Dear Carolyn: Eight years ago, my dad cheated on my mom and ended their marriage. A month after the divorce, my dad married his mistress. While her adult children were in the wedding party, neither my brother nor I were even invited. I didn’t meet her until a year later, when I was told she didn’t feel comfortable with me staying with them in the house I grew up in, and they demanded I leave. The one other time I have seen him in the years since, she insisted on chaperoning the visit.

Now my dad insists he wants a relationship with me, but he reaches out only sporadically, and only with superficial emails — updates on his favorite baseball team, etc. — as though nothing has happened. He rarely answers my calls, and when she is in the room, he will usher me off the phone as quickly as possible.

I have written him exhaustive emails telling him how badly he has hurt me and how I need more of a reckoning to move forward. These have been met with unwillingness to engage.

I am tired of being hurt and sad. I don't want to lose my dad forever, but I don't know how to reconcile if he doesn't want to put in any real effort. I live abroad, so a low-stakes in-person meeting isn't possible.

Is there a third option that is neither cutting him off completely nor accepting this status quo?

— Still Hurt

Still Hurt: Abuse.

It's not directly about your relationship with him, but the possibility your dad married an abuser might change how you view him and the quality of his effort. The hallmarks are there in your description:

· She’s isolating your dad from his people;

· She is so controlling and possessive that she supervises him with others she finds threatening, instead of managing any perceived risk with trust and communication;

· She finds you threatening solely based on your place in his family tree, and not on any knowledge of you as a person;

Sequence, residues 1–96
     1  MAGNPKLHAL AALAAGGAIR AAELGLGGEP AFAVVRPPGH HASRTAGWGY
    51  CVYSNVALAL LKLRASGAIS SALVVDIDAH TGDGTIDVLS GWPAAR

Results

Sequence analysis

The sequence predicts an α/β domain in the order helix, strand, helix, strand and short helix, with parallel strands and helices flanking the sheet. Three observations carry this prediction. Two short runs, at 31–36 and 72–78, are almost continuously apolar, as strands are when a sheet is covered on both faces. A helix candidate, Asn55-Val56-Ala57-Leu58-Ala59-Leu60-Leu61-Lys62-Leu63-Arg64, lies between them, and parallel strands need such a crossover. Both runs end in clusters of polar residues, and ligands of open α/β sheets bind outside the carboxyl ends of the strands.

· She applies self-serving standards in making these decisions, deeming her children suitable but not his.

His sporadic, superficial attempts at contact also fit the profile of someone grasping for ways to contact you that don't trigger a spousal crackdown. He quite possibly screens your calls because he knows he can't answer without paying dearly for it.

Obviously your dad has a lot of bad behavior to answer for himself. No excuses. But there’s also nothing to say his now-wife’s possessiveness and control weren’t already in force long before they wed.

So here’s what I suggest: View your father’s actions through the lens of his attachment to an extremely controlling person. It might explain what has seemed inexplicable to you, like his professing to care about reconciling with you while mustering only a sporadic effort toward it. It might explain why “this status quo” isn’t actually the face-slap you’ve believed it to be, and instead grounds to stay patient and in touch.

Do some reading on abuse — chapter 10 of “The Gift of Fear,” by Gavin De Becker, or the flashcard version from One Love. See for yourself if this third option fits — and if it does, then consider he’s not holding out on you, he’s just giving what little is left.